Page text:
Frankel: CenturyLink made an acquisition recently, so their earnings are a little distorted, so we'll get to the cash flow in a minute. Even so, they pay out over 100% of earnings as dividends based on both the past 12 months and the next two years of analyst projections, which, as Michael said, an acquisition will distort your earnings for about a year. In this case, it's over 100% for a three-year period.
Douglass: Yeah, definitely concerning. Little or negative cash flow. They generated positive cash flow for the past two years, but they paid out dividends that were in excess of their free cash flow in 2017.
Frankel: Yeah. The free cash flow, which is the operating cash flow minus the expenses, the difference between those two was more than the dividend they paid out last year. So, that's concerning. That checks that box.
Douglass: Yeah. And, of course, problems with the business.
Frankel: Not necessarily. I don't see anything wrong with the telecom sector in general or CenturyLink's business. So, that would be four out of five in this case.
Douglass: Yeah, which is, again, for us, fairly concerning. Let's talk about Annaly Capital Management (NYSE: NLY), that's ticker symbol NLY. Unusually high yield? Yes. It's 11.5% as of this morning, which is high.
Frankel: Yeah. No matter what industry you're talking about, a double-digit dividend yield is going to be high. Annaly is what you call a mortgage REIT, which is a real estate investment trust, but instead of buying properties, they invest in mortgage securities. Getting to the second point, excessive debt, the way mortgage REITs do this is, if you say you can borrow at 2% interest and buy a mortgage that pays 3%, that 1% difference is called the spread, which is your profit. Nobody wants a 1% return on their investments. So, these companies will borrow a lot of money in order to make big dividend yields like the 11.5% Annaly pays out.
In full disclosure, I've owned Annaly in the past. I don't right now, but I have in the past. And I'm not necessarily calling this a yield trap, as Michael said. But, there are certain risks involved with this stock, and this system can help you look a little deeper and realize what you're getting into before you buy one of these.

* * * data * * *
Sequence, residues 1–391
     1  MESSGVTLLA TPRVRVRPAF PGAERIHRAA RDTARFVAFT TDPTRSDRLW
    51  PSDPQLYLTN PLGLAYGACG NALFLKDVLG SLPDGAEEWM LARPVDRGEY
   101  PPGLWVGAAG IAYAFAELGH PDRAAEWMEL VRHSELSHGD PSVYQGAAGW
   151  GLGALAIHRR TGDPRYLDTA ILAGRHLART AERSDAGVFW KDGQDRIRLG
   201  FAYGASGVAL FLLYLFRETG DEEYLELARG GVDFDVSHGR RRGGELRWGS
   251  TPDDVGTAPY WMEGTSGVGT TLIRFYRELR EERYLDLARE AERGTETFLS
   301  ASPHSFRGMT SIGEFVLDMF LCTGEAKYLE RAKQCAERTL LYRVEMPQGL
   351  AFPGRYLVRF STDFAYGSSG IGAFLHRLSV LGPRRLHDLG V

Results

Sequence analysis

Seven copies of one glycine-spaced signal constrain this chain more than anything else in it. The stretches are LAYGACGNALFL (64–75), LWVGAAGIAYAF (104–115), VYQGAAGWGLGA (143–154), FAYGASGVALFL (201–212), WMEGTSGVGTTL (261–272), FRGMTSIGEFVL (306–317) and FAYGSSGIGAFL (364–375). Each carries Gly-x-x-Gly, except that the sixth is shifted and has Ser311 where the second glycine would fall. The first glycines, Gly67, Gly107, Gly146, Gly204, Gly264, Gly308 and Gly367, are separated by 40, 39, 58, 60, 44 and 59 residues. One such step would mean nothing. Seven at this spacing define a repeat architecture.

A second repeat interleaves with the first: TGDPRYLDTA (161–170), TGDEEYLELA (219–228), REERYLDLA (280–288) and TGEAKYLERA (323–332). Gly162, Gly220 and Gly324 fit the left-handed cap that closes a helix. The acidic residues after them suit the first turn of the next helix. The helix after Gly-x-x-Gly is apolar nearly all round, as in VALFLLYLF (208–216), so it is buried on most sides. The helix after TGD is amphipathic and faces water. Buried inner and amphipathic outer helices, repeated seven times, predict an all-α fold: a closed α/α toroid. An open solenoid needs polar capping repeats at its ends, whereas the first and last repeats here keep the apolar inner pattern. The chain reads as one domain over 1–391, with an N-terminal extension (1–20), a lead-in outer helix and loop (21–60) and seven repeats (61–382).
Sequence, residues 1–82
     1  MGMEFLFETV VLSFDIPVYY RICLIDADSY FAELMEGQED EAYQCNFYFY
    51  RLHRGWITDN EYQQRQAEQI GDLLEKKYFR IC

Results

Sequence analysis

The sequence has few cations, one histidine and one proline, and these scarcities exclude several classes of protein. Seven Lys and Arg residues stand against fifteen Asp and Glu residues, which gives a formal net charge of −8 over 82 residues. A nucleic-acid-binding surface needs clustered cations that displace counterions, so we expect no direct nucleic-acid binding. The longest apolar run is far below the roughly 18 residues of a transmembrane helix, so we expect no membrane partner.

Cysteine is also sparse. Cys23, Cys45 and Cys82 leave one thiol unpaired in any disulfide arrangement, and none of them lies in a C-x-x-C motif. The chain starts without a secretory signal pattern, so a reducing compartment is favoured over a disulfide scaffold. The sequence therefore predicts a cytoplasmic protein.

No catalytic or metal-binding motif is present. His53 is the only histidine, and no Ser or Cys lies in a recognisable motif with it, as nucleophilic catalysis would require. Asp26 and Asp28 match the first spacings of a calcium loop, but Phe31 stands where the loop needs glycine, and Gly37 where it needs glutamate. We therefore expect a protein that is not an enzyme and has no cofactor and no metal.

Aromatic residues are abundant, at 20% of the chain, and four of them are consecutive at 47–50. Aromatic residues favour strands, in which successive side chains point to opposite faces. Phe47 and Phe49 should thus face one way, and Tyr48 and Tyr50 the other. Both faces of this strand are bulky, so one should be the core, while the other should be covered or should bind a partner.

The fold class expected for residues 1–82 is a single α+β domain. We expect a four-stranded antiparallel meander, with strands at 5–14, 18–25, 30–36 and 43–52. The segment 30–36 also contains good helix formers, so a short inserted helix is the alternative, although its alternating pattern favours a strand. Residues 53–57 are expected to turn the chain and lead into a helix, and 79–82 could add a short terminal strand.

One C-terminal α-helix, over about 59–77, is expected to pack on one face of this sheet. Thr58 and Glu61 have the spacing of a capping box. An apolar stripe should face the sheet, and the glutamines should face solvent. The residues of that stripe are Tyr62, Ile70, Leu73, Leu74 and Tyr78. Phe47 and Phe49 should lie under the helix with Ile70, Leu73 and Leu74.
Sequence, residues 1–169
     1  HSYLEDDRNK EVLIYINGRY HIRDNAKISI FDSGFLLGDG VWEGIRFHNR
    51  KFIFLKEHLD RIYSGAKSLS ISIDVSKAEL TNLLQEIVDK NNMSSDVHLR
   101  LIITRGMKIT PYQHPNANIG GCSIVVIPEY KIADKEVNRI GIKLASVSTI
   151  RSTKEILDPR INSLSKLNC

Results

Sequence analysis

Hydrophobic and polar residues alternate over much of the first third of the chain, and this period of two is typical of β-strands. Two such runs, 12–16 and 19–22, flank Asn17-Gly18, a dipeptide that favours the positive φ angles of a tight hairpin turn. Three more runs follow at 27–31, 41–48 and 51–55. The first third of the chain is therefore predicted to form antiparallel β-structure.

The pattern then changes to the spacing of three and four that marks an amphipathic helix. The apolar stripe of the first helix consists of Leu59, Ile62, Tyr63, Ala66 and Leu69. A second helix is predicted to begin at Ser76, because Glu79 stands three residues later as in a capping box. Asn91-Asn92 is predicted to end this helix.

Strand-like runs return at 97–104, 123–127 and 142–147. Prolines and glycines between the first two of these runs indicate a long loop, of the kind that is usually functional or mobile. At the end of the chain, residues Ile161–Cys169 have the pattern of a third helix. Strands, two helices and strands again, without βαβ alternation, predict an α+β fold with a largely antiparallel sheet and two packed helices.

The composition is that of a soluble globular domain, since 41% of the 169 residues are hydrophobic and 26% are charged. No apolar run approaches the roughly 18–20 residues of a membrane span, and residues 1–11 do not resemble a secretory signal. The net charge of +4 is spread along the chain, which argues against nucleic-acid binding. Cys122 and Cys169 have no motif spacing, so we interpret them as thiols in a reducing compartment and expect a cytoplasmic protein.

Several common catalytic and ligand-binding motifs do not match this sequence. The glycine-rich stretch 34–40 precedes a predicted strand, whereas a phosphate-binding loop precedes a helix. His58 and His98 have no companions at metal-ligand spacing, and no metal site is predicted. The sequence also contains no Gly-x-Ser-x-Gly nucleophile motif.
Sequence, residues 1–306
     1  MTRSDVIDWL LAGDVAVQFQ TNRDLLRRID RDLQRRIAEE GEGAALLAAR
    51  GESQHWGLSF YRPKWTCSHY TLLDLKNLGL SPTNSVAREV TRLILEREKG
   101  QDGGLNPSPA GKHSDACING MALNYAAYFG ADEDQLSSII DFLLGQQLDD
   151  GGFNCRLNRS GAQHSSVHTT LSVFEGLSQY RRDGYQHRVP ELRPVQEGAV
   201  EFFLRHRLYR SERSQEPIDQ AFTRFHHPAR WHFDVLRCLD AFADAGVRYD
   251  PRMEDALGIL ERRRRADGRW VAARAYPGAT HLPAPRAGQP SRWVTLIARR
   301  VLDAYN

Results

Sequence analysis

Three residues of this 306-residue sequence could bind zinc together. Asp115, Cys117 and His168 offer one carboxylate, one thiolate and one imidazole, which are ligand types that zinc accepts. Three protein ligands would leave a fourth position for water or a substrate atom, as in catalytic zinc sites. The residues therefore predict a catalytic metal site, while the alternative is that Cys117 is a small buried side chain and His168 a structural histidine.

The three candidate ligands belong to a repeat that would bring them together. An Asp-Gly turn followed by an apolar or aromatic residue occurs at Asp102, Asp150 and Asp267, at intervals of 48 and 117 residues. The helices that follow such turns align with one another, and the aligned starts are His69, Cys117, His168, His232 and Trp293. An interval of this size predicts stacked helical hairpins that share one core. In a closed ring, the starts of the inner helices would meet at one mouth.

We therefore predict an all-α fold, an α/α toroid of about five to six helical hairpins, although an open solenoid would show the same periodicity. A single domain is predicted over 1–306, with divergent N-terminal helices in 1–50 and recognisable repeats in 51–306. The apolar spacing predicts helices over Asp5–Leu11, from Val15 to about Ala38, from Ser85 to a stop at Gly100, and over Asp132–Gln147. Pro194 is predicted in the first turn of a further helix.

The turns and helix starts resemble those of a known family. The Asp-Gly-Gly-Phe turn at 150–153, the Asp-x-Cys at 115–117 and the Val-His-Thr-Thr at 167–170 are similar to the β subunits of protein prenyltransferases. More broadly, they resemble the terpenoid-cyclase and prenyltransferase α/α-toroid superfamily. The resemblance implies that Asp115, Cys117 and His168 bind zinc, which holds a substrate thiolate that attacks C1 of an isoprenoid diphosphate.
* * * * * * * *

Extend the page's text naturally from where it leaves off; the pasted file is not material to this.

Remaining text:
So, speaking of the excessive debt, Annaly's debt-to-equity ratio is almost 6:1, which is typical for a mortgage REIT, but is very high by any metric.
Douglass: Right. Then, of course, payout ratio. This is one of the areas where nuance matters. It's about 90% of funds from operations that Annaly is paying out. That's a little high for a real estate investment trust, but it's not really that high, so it doesn't actually check that box. Even though, you hear 90% of essentially the REIT version of earnings, and you think, "Well, that seems like a really high payout ratio," actually, for REITs, it's not necessarily. I've seen REITs that have really very successfully paid out dividends over a long time period right around that amount. So, it doesn't actually check that box. Even though, in pretty much any other sector, that would be a concern. Of course, cash flow is an issue.
Frankel: Yeah. Their cash flow statement shows negative cash flows for the past four quarters and for three out of the past five years. That's a concern. There's really no way around that. Three out of the past five years, they've paid out more money in total expenses than they've taken in.
Douglass: Yeah. And, of course, problems with the business. At the moment, there doesn't appear to be any. Rising interest rates are putting some pressure on real estate investment trusts in general. Because they are such debt-laden businesses, dependent on debt to grow, they struggle in a rising rate environment because they basically have to find increasingly high-yielding investments to then successfully be able to pocket that spread that Matt talked about earlier.